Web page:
Overheating during heavy, continuous video recording has been a widely discussed limitation of the Canon 7D and 5DMKII. This test was an attempt to see if that issue has been addressed in the new Canon 60D. The basic goal was to see how many consecutive videos the 60D could record before overheating.
Procedure: Each video was recorded up to the 4.28GB file size limitation of the Fat32 formatting on the SD cards (approximately ~12min/ea.) Once the camera stopped recording, the SD card was replaced so that the video data could be transferred and so that the card could be allowed to cool. The SD card temperatures hovered around 100 degrees F after each recording.
The time between each recording was around 40-60 seconds, and gradually became faster as the procedure was refined during the course of testing. The card swap procedure basically went like this:
-Change the card number sign.
-Eject current card.
-Start transfer of current card data to computer.
-Insert and format new card.
-Start next recording.
-Take ambient and camera body temperature readings.
The camera body and ambient temperature readings were made with a Ryobi infrared thermometer.
The camera body temperature was taken by shooting the upper-right corner of the LCD bed, which after some trial and error turned out to be the hottest location on the camera.
The ambient temperature was taken by shooting the section of carpet directly beneath the tripod the camera was mounted on.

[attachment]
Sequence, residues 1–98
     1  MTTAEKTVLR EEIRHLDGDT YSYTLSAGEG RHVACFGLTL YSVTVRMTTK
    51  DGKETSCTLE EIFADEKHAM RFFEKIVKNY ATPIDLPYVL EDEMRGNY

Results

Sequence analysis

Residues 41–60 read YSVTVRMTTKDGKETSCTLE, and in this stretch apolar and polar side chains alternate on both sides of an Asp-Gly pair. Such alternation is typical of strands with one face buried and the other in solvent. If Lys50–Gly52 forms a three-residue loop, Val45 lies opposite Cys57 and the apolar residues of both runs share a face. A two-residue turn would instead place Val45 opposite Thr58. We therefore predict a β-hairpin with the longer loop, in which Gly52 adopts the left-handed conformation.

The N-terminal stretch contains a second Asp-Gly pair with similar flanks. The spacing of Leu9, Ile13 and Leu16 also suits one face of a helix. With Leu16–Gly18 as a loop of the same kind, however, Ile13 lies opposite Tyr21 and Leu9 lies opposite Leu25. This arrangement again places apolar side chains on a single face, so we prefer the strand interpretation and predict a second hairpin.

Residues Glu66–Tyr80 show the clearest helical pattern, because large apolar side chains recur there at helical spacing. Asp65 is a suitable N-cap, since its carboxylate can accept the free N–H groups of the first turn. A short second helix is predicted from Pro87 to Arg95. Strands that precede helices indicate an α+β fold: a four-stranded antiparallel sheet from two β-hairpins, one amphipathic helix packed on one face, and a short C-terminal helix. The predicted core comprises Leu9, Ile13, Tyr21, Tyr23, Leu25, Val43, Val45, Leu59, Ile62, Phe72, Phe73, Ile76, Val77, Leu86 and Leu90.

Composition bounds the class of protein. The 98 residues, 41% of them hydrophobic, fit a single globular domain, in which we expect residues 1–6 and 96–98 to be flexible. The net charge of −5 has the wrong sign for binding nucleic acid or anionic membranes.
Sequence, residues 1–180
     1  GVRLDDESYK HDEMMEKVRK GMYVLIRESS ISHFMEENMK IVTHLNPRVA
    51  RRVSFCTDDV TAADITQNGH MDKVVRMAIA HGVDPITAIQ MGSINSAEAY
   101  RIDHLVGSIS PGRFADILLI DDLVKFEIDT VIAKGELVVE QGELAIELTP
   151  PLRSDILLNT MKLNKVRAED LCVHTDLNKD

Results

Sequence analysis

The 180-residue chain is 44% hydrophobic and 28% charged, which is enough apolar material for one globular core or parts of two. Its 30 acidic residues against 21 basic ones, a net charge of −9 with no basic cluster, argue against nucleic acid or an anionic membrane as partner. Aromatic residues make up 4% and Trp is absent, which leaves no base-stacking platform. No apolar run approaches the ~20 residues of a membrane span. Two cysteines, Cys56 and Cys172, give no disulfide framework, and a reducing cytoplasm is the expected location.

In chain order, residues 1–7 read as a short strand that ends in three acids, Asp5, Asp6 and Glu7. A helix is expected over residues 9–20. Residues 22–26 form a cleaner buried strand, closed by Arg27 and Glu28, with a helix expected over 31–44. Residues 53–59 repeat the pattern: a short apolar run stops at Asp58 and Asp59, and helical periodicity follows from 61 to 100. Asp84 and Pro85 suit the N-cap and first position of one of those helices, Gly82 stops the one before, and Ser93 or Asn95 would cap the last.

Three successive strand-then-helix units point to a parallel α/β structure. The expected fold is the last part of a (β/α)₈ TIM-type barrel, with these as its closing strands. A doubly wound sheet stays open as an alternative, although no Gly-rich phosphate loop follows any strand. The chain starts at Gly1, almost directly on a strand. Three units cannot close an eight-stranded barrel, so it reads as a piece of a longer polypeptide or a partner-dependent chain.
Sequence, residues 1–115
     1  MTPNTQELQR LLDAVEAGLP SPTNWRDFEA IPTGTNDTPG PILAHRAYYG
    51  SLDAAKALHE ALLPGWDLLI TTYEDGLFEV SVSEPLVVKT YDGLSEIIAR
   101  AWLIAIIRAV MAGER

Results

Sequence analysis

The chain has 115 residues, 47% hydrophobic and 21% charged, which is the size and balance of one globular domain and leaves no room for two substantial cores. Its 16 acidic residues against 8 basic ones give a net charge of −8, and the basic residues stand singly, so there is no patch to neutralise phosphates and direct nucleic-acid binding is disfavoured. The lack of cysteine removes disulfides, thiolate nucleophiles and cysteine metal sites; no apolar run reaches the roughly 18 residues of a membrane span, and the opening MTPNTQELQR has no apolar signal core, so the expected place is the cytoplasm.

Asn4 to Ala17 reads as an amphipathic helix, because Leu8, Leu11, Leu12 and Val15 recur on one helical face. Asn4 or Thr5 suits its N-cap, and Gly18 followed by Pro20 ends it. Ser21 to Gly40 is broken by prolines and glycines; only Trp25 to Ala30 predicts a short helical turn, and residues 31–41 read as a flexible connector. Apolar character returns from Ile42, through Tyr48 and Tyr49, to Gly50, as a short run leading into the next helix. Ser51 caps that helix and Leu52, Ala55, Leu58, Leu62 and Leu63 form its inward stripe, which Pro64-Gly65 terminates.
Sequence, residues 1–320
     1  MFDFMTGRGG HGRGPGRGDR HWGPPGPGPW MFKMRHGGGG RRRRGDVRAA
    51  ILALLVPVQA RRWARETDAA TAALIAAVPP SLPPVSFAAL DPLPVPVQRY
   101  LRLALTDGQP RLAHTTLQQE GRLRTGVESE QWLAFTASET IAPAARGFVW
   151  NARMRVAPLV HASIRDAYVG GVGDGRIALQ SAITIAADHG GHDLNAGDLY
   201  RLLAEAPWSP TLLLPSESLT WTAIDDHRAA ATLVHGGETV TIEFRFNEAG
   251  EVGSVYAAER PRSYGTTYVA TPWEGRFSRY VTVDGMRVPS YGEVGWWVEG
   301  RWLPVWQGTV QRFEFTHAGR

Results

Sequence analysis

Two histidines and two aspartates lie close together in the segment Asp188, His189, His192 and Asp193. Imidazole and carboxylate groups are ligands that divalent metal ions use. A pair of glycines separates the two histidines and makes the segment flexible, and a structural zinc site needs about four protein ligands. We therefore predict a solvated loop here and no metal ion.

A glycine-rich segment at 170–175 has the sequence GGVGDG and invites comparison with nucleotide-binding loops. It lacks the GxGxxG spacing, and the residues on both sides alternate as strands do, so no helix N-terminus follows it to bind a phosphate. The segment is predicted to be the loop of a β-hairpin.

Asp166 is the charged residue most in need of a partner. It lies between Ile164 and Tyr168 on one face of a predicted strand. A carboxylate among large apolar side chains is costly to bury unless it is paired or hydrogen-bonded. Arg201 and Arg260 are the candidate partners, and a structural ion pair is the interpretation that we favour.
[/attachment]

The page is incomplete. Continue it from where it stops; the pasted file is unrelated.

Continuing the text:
The IR thermometer was used for both camera body and ambient temp readings with the goal of standardizing the measurements across one device.
Some other notes from the test...
-The clock and lava lamp were included in the scene to provide continuous motion and to show continuity.
-Temperatures were taken at the beginning of each recording while keeping the infrared thermometer 1-2 inches from the test surface.
-During the test, the ambient temperature in the room was kept between 75-80 degrees.
-Each temperature reading was sampled 3X with highest measurement recorded.
-Sony Handycam temperature (used to record the 60D) peaked at around 110 Degrees.
-Each LP-E6 battery lasted approximately 11 or 12 videos, which equals about 140 minutes of recording.
Starting on Friday, January 7th, 2011, 6 giant beer vats were moved from the port in Hamilton, Ontario Canada to the Molson brewery near Toronto's Pearson Airport. They were manufactured in Germany. This video was taken on the first day of the move, as the vats slowly crawled along Wentworth Street in Hamilton. Music by Kevin Macleod. Shot on a Nikon D7000.
My quick thoughts about the 7D vs 60D vs 550D cameras. After I dig into it more, I'll have more to talk about, but if you're a first time buyer the 60D is worth the extra cash over the T2i.
LCDVF probably not a good idea if you think you'll be using it with the LCD hanging out. Would work if the LCD is docked, but the sticky frame would prevent the LCD from rotating back to protect itself. It's also a 3/2 style LCD like the T2i size.